Much smaller than Lampedusa at two square miles, Linosa has a year-round population of fewer than 500. Although it has brightly painted homes and volcanic features like craters and black-sand beaches, the island’s biggest attractions are the loggerhead sea turtles that often select the beach at Cala Pozzolana as a nesting site. Nesting season generally lasts from May to August, and egg hatchings followed by baby turtles’ first swims continue through October. Lodging here is limited to apartment rentals and B&Bs, the latter of which is a good option, considering the limited number of restaurants on the island.
Situated off the western point of Sicily, Favignana is the largest of the three Egadi Islands; unlike many other Sicilian islands, the Egadi are not volcanic but rather dolomitic in origin, giving their cliffs a light pink hue that intensifies at sunset. The island was once largely dependent on tuna fishing, but its focus has since shifted to tourism; every spring, however, the mattanza (traditional tuna slaughter) is performed in town for the sake of tradition. Although there are few beaches here, Favignana is popular for scuba diving and snorkeling, and it makes for an easy day trip from Trapani on the mainland.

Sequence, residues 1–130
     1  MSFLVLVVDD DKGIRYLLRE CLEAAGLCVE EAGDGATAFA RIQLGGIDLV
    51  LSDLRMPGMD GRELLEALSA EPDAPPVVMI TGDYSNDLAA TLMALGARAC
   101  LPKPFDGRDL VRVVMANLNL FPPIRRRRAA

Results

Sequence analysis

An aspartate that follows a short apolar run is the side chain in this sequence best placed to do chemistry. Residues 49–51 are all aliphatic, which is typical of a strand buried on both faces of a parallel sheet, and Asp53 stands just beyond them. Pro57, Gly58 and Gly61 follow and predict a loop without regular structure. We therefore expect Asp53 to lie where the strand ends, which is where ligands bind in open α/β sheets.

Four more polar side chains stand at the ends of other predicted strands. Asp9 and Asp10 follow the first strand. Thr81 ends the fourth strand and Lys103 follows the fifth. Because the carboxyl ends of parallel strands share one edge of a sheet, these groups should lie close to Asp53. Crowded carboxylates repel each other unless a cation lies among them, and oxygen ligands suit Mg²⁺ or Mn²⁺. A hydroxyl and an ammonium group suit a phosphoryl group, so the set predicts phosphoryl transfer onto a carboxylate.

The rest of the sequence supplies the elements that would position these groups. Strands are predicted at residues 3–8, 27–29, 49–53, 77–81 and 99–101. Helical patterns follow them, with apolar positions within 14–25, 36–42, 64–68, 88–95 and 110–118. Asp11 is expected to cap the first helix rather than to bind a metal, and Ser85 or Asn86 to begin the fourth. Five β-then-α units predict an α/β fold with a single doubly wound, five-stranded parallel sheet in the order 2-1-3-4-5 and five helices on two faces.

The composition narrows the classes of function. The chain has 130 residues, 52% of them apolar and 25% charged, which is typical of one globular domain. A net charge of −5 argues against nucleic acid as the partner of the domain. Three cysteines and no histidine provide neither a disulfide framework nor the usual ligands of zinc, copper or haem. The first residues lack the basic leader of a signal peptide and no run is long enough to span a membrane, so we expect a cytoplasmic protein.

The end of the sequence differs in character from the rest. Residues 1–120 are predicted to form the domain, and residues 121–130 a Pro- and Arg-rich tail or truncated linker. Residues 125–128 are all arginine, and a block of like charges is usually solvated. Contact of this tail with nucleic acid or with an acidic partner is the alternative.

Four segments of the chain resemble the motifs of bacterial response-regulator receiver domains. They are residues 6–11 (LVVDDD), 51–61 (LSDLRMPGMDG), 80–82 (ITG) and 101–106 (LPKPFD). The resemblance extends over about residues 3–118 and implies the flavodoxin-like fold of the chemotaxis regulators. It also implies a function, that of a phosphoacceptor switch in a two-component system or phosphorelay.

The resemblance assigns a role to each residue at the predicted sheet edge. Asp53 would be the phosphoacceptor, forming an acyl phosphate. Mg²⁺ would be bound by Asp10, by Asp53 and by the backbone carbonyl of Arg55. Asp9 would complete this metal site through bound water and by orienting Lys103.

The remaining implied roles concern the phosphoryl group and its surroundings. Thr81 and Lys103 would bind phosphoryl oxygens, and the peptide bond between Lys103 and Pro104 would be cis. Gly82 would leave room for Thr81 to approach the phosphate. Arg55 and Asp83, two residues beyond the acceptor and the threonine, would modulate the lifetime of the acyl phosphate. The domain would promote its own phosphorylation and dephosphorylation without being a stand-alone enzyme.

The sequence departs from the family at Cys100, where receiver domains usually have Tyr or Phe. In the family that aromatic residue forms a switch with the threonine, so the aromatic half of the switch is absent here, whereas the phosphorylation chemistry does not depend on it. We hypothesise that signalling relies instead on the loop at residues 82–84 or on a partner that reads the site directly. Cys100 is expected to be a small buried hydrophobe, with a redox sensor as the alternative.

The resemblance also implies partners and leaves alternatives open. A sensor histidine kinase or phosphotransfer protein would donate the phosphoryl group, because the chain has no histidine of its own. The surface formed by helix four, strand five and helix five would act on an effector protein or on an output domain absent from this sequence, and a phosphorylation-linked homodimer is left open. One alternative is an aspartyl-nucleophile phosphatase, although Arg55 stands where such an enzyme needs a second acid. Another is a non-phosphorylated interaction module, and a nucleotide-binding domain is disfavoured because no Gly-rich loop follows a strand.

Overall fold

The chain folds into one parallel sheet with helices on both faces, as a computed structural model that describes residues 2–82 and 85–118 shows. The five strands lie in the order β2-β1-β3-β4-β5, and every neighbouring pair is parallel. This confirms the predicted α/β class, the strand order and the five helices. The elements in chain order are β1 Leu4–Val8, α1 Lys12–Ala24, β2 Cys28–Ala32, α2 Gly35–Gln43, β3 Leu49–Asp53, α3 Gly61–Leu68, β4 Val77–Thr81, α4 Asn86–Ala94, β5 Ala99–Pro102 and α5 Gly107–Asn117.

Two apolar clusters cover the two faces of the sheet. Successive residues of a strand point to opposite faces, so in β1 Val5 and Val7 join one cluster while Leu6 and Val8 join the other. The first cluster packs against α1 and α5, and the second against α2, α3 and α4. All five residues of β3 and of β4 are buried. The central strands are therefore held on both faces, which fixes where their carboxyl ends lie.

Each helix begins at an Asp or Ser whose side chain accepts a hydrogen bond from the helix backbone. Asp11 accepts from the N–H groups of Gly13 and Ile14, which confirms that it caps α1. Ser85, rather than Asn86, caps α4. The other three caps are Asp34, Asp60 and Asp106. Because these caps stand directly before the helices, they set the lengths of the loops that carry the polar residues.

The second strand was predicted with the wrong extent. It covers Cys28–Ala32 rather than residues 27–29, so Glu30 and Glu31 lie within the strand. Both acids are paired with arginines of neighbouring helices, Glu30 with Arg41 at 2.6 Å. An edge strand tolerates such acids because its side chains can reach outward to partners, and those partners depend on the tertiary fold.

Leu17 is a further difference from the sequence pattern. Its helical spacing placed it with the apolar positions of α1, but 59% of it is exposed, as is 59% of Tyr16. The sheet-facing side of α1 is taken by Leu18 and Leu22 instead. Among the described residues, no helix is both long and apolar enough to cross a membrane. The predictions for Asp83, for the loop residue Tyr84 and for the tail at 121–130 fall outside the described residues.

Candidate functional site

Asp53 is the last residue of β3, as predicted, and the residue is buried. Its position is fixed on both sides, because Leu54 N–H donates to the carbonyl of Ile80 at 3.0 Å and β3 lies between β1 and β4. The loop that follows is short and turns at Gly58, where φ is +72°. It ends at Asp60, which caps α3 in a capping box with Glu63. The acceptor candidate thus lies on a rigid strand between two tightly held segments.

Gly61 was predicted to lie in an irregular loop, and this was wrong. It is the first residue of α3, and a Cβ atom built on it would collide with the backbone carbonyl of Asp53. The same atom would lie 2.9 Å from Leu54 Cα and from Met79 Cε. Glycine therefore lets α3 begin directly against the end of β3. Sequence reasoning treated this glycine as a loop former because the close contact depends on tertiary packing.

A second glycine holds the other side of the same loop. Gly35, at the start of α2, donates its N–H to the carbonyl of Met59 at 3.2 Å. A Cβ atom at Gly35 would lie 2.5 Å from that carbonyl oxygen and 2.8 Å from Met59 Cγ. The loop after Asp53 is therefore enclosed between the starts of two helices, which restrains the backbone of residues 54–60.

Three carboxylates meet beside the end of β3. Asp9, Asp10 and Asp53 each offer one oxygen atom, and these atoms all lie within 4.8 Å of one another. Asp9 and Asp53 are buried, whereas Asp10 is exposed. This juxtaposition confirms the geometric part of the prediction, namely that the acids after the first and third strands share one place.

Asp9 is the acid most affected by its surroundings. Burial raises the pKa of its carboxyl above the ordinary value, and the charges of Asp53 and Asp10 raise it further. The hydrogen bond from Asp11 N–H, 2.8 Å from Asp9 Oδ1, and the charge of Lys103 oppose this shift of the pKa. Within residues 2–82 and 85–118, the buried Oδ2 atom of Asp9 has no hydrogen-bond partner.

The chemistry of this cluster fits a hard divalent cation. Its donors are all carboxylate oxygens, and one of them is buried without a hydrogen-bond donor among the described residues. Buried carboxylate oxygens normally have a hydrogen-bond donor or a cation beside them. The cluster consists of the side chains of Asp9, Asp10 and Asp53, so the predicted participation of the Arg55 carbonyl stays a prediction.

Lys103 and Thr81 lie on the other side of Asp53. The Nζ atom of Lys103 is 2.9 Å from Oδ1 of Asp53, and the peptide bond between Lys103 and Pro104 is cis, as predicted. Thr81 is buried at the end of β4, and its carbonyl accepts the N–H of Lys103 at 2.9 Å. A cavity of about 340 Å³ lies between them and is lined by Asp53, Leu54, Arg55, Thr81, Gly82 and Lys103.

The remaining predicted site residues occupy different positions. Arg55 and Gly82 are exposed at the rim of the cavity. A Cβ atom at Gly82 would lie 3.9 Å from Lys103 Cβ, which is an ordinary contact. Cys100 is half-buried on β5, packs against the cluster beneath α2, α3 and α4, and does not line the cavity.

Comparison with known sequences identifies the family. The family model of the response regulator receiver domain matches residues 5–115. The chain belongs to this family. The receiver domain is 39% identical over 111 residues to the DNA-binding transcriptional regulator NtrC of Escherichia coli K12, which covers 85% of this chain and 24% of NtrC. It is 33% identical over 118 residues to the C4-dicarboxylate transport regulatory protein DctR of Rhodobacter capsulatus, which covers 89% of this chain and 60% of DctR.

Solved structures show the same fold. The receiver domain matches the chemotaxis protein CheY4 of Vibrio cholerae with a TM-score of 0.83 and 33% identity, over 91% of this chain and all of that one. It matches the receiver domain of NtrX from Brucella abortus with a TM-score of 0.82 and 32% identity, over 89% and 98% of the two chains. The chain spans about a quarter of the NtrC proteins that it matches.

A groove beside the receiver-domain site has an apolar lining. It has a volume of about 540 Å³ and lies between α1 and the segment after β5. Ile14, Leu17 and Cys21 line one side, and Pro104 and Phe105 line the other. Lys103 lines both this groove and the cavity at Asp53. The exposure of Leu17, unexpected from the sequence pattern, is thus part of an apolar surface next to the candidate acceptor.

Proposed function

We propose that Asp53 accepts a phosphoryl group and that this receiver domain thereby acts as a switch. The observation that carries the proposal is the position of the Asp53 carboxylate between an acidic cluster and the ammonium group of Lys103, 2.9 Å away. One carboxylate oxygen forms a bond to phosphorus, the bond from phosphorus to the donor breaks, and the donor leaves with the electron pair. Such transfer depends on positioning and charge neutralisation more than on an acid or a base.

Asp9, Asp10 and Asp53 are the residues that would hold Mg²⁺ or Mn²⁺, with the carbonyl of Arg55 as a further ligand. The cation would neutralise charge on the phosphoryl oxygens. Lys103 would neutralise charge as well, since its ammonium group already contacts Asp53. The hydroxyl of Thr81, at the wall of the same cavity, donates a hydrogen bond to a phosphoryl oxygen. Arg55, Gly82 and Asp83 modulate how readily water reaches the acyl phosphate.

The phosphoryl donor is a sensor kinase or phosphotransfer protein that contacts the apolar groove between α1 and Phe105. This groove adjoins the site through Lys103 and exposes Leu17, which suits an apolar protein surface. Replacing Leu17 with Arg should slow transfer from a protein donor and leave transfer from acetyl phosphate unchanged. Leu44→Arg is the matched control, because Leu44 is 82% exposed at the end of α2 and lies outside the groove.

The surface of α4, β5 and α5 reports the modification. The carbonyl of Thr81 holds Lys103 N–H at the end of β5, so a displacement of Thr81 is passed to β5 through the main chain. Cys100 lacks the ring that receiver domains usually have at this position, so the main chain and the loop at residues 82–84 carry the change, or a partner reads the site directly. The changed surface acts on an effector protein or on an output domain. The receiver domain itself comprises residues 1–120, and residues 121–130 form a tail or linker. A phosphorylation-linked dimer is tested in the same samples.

The smallest island in the Egadi archipelago, Levanzo has no paved roads and a population of a few hundred that lives in a small village fronting a picturesque harbor. Grain cultivation was once a major activity here, but today most agriculture has been abandoned, although some inhabitants raise sheep. The island is most famous for the Grotta del Genovese, where visitors can see Neolithic and Paleolithic cave paintings (note than a guide is required to visit the caves; this can be arranged on short notice). Given its small size, Levanzo can be seen in three or four hours, and it’s only a 20-minute hydrofoil ride away from Trapani.
The most remote of the Egadi Islands, Marettimo is a tranquil place; the main settlement of the same name is little more than a humble fishing village. Northwest of the town is one of the island’s most striking sights: Punta Troia, a rocky headland with a dramatic fortress that was the site of a Saracen watchtower and later a Spanish prison. From town, one of the most straightforward hikes on the island is up to the ruins of the Casa Romana; adjacent to that is a small yet well-restored Norman-Byzantine church. The best way to enjoy Marettimo is by boat, which allows for exploration of various otherwise inaccessible grottoes and secluded swimming spots.